• If you want, when you’re done, Check which famous writer you write like with a statistical analysis tool, which analyzes your word choice and writing style and compares them with those of the famous writers. Just paste your completed work at  I Write Like – You will be given a badge that says which famous author you write like and you can paste the html into the end of your Wednesday Visual Writers Prompt, if you like, to show us all your badge! AWESOME!
  • You have until the following Tuesday to complete this writers prompt, then I will be posting a new one on the following day, next Wednesday.

If you have any suggestions for future Wednesday Visual Writing Prompts, please let me know in the comments 🙂

I look forward to reading your writing.

(if you post past the deadline I will do my best to read your work and share it on my social networks as time permits).

Have Fun!

Craig Boyack – Guest Post: Short Story Writing

Guest Blog Template copy

I really appreciate the invitation, and the topic challenge. I never really put much thought into how I came to write short form stuff. It kind of evolved, but reflecting upon that, hopefully, leads me to a good article.

Once upon a time, I wanted to write a novel. I picked up my iPad and started typing away with no idea what I was doing. I had no idea what the rules were, or that they even existed. Looking back, it was one of the most enjoyable experiences of my writing career.

The final product sucked, but I didn’t know that at the time. I kind of wandered from one cool idea to the next without much of a game plan. What I wound up with was quite a bit like a television series. The same characters engaged in tiny vignettes that were kind of cool. Archaeologist might look at those one day and decide they were my first short stories. (They certainly weren’t a novel.)

I’ve always loved short form stuff, and in many ways prefer it to a novel length work. Time is a big factor for me, and I really dig a story I can complete in one session. Prior to that first “practice” novel, I read lots of Poe, O’Henry, and magazines. I enjoy some of the ones dedicated to short stories, like Hitchock’s, Ellery Queen, and others. It never really occurred to me to write my own.

From magazines, I wound my way into comics. I think this is a wonderful way to tell a story, and there are some great graphic novels out there these days.

My Blog, Entertaining Stories, had been live for about a year when October rolled around. I wanted to do something on my blog that felt like Halloween. I enjoy reading a kind of micro-fiction called Creepy Pasta. I thought I might try my hand at that.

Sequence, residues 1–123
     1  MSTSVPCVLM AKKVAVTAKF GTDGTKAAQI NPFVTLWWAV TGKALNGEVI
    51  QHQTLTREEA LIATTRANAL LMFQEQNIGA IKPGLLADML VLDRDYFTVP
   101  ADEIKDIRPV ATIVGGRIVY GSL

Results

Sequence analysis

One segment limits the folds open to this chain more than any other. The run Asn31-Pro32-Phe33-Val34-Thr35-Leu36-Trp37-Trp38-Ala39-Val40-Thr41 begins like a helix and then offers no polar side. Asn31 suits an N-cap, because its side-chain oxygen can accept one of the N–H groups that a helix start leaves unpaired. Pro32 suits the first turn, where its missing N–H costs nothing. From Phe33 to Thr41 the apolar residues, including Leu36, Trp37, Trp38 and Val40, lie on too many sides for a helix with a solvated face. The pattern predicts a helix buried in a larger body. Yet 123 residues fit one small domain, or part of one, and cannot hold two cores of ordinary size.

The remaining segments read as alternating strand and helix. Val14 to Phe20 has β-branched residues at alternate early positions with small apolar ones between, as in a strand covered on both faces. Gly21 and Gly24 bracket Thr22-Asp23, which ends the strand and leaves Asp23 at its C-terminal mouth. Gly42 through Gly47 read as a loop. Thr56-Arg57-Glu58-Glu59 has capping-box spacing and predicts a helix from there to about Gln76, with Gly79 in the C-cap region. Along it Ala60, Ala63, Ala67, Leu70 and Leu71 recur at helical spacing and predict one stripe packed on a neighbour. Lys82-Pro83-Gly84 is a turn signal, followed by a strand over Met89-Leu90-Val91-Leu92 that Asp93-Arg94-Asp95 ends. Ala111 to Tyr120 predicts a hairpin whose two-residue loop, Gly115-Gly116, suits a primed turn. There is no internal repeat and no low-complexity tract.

I did some snooping around, and someone has a website by that name. I probably have no legal worries, but didn’t want to step on anyone’s toes either. Who knows, that person might someday prove to be an ally in my self publishing journey. I came up with the name Macabre Macaroni instead.

I posted a complete story per week during October, and my blog stats spiked. One of them was the most popular post I ever made for a long time, and it’s still in my top ten. I decided the short form still had fans somewhere out there, and did a bit of digging.

Traditional publishing shunned the short form. Oh sure, some of the biggest name authors can get away with a book of short stories, but for the rest of us it’s pretty limited. Amazon changed all that for us. These days, novellas, novelettes, short stories, and even poetry are making a comeback.

Guest Blog Template Author Quote copy

I’m a big believer in challenging myself, and include a personal challenge in all of my novels. It might be unnoticed by the reader, but it forces me to grow and improve. I approached short stories with that mindset. I’ll never know if I can write one until I write one.

I scoped out my competition, and many of them offered a single short story for 99¢. Others were writing a series, and offering a prequel for 99¢. I decided to offer a book full of short stories, and micro-fiction, for 99¢. It seems like a better deal, and it sells pretty well for me.

I searched for the rules once again, and there aren’t many. Sites offer up word count for the various lengths, but none of them seem to agree. Therefore; I reject their reality and substitute my own. I break it down this way:

  • Flash Fiction = one paragraph
  • Micro Fiction = a decent blog post. 1000 words, pushing my luck at 1500
  • Short story = 5000 to 30,000 words
  • Novella = 30,000 to 80,000 words
  • Novel = 80,000 words and up

It used to bother me that there are holes in my list. It also bothered me that novelette didn’t find a home. Today, I really don’t care. The actual story is more important than the pigeonhole it goes in. As a self publisher, I don’t have to conform to a bunch of categories that different websites define differently anyway.

My short form tales are also proving grounds for me. I called the first book The Experimental Notebook for a reason. Short form allows me to experiment with new things. I recently wrote one that I’m pretty excited about as a big monologue. It would never work as a novel, but I think it’s a great short story. I also wrote my first epistolary style story as a short story.

At some point, I’m going to put out a second Experimental Notebook. The first one sells well, and I’ve gotten some wonderful reviews. It can also be looked at as a gateway drug into my novels. Someone might take a 99¢ chance, and decide one of my novels might be fun.

I write speculative fiction, and for me the fences are pretty far apart. My stuff varies from paranormal to science fiction, and the occasional fantasy. This gives me plenty of room to keep things fresh, and the short form stuff does the same.


I hope I’ve encouraged some of you to take a chance on short form. As writers, you can try new things without dedicating months to a project to see if it works. Now you can use those cool ideas that won’t carry an entire novel. As readers, you can enjoy a complete story on your commuter bus, or coffee break.

If you’d like to check out some of mine, you can read The Experimental Notebook of C. S. Boyack here: http://a-fwd.com/asin-com=B014S2BA4U

Cover Art

A speculative selection of micro-fiction and short stories. These were designed to be short reads for your commute, coffee break, and other times when readers are pressed for time. This book contains a bit of science fiction, some fantasy, and paranormal stories. 

I’m excited to see short fiction returning in popularity. I hope you will enjoy these stories as much as I did.

 

 

Connect with Me

Follow my blog:

screenshot-coldhandboyack.wordpress.com 2016-04-28 16-16-07

Check out my novels here:

available-on-amazon-button-300x109

My Social Media Links:

twitter   GoodReads-Icon (1)    fb